Monday, March 31, 2008

Sarah Berhardt takes a nap in a coffin before her stage performances.

So, my title really has nothing to do with this boring post. However, it is an example of an actress (not scientist) with some odd tendencies...

I am going to treat this blog as a brainstorm for 3.1. It seems as though many groups are interested in discussing the theme of how mathematicians are depicted in books and movies, so in an effort to make our topic more specific, one idea (as discussed in class) is to focus on the techniques used to create the stereotypes.

Movies affect us far differently than books. In Pi, lighting and sound are used to emphasize Max's unstable mental condition and the physical symptoms associated with it. For example, when he is about to have one of his episodes, the music speeds up and the lighting becomes more overexposed. This makes the viewers also uncomfortable; making them experience Max's pain far differently than a book could describe it. Also, Aronofsky's choice to film in black and white (I read this was more expensive than color) was more "black or white." The scenes are either dark or extremely bright.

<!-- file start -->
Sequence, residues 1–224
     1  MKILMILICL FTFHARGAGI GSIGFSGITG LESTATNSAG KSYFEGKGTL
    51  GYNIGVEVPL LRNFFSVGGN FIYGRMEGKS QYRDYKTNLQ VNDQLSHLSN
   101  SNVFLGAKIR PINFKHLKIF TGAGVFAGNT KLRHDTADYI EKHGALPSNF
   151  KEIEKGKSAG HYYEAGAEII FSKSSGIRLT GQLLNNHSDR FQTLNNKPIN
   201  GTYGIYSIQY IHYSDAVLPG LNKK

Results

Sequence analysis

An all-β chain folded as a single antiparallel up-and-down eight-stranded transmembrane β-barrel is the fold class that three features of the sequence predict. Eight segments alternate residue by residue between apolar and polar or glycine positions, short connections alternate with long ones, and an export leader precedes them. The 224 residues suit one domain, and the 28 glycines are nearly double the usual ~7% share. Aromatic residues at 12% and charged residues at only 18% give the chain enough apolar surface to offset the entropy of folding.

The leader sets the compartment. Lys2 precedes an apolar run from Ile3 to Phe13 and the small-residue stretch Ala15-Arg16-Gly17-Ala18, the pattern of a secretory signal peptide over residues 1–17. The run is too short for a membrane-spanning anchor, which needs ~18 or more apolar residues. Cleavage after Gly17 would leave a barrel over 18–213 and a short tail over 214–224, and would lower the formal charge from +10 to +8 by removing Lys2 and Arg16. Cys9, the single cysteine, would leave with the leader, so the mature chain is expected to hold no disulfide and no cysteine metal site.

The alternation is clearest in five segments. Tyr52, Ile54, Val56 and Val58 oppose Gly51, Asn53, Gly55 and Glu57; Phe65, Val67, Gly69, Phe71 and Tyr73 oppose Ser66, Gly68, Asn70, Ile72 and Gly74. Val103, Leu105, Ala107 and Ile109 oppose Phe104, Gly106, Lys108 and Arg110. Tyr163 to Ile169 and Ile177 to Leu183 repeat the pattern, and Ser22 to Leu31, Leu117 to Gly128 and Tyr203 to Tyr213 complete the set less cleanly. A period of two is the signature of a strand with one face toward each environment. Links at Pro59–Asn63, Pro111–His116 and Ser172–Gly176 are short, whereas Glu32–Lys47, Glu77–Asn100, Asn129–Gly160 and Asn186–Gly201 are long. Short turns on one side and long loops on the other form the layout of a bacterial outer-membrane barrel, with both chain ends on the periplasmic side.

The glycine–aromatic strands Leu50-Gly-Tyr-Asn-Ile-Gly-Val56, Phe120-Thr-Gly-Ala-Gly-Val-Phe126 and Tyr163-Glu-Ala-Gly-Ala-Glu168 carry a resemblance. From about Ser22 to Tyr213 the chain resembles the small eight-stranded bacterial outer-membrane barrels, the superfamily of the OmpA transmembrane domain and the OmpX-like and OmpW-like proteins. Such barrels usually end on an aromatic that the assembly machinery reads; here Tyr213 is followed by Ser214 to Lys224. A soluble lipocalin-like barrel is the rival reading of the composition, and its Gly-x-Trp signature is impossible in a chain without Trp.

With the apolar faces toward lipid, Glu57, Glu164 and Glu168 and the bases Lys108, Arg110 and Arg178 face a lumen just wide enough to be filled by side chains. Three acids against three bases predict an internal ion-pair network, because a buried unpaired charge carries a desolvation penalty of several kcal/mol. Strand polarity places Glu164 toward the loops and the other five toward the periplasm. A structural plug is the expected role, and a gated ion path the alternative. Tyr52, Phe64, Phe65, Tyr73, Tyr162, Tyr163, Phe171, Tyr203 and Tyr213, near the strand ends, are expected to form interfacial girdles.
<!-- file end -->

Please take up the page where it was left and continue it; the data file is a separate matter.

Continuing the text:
In the The Proof (The Nova Documentary), scenes are shot of Andrew Wiles taking walks on a wooded trail, laughing, crying, studying in his office, interacting with colleagues and family, etc. The lighting is not manipulated, and the viewers get to know his daily behaviors as well as his eccentricities. While the fact remains that he spent 7 years working in his attic, it becomes less weird as the documentary describes that his passion for the problem began at an early age.

In We, Zamyatin both exaggerates the logical nature of D-503's brain as well as describes his daily routines, sex life, and attraction toe I-330. However, D-503 never cracks a jokes, and I don't recall him laughing aside from when he almost kills U, so there is an obvious stress put on certain personality traits.

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